One of the factors limiting solar cell efficiency is light reflection at the surface and at the multiple interfaces of the device stack. Suppressing reflections increases the amount of light transmitted into the actual absorber layer. In the recent years, many different approaches have been proposed to employ antireflection coatings that can be adapted to any material. Unfortunately, exotic materials, metals, or a fine tuning of nanostructures size and shape are usually required. As a consequence, large scale application is not easy to achieve yet. In this work, we propose the use of optical metamaterials as antireflection coatings. Solar cells will be one of the possible applications.
We develop the 1D and 2D Maxwell-Garnett theory to design effective layers with arbitrary refractive index. We use the transfer matrix method and full-field simulations to explore the optical behavior of different types of metamaterial designs. In particular, we obtain complete suppression of light reflection from a high index material by tuning the filling fraction and thickness of our layer. Moreover, we explore the practical realization of such metamaterials by using Focused Ion Beam to fabricate sub-wavelength linear grating on a silicon wafer. We measure optical reflectivity over the entire visible spectrum from our samples, demonstrating good antireflection properties. The effect of light polarization is also investigated. In fact, the effective refractive index is strongly dependent on the incident polarization. We propose a double layer linear grating in order to achieve zero reflectivity at both polarizations.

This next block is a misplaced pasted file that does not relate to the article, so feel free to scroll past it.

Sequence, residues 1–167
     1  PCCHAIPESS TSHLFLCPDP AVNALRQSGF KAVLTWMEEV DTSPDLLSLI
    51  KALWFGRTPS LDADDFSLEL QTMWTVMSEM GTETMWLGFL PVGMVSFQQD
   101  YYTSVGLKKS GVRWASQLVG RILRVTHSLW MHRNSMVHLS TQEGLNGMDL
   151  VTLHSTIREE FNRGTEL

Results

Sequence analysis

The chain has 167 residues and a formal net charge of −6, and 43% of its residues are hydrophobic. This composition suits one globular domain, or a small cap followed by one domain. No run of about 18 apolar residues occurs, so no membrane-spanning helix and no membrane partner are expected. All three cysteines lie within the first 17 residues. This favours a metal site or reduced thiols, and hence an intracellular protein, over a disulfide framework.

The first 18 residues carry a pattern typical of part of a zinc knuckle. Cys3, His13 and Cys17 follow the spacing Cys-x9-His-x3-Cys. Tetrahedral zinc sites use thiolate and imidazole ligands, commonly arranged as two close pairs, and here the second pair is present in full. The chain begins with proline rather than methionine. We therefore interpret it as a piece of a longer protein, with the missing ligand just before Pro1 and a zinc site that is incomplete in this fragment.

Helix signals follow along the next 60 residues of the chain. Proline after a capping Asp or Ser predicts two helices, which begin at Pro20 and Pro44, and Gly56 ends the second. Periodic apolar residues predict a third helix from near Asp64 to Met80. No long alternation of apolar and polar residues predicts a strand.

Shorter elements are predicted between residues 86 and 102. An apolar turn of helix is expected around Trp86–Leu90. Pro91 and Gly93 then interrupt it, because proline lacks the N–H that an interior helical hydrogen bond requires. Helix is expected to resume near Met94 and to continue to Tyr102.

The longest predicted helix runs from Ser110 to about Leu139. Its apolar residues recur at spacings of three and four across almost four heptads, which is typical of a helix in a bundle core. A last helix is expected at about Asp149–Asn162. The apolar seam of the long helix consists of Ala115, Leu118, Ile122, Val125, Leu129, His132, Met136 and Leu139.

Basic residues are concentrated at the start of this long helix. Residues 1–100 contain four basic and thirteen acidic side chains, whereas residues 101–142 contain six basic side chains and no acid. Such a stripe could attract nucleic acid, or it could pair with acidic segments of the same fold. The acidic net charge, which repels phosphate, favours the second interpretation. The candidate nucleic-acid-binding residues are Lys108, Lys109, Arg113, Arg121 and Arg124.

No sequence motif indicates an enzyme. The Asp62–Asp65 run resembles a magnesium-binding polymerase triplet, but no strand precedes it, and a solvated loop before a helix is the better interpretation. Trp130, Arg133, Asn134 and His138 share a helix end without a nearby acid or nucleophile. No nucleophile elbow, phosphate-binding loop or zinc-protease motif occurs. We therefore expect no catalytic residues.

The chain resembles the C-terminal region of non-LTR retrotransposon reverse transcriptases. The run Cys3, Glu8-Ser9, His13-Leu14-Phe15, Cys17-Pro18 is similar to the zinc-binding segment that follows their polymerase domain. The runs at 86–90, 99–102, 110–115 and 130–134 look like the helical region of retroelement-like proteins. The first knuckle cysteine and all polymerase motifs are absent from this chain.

In addition, we discuss the transition between deep sub-wavelength and resonant regime. If resonant modes are supported, the effective refractive index deviates from the Maxwell-Garnett theory. We elucidate the role of light trapping in the efficiency of the antireflection properties.
Finally, we extend our approach to a realistic aSi solar cell. We propose the patterning of the transparent conductive oxide (TCO) layer atop the absorbing material, while keeping the rest of the fabrication process flow unaltered. We show an increase of the solar cell efficiency by more than 10%, reaching the single-pass absorption limit of the TCO.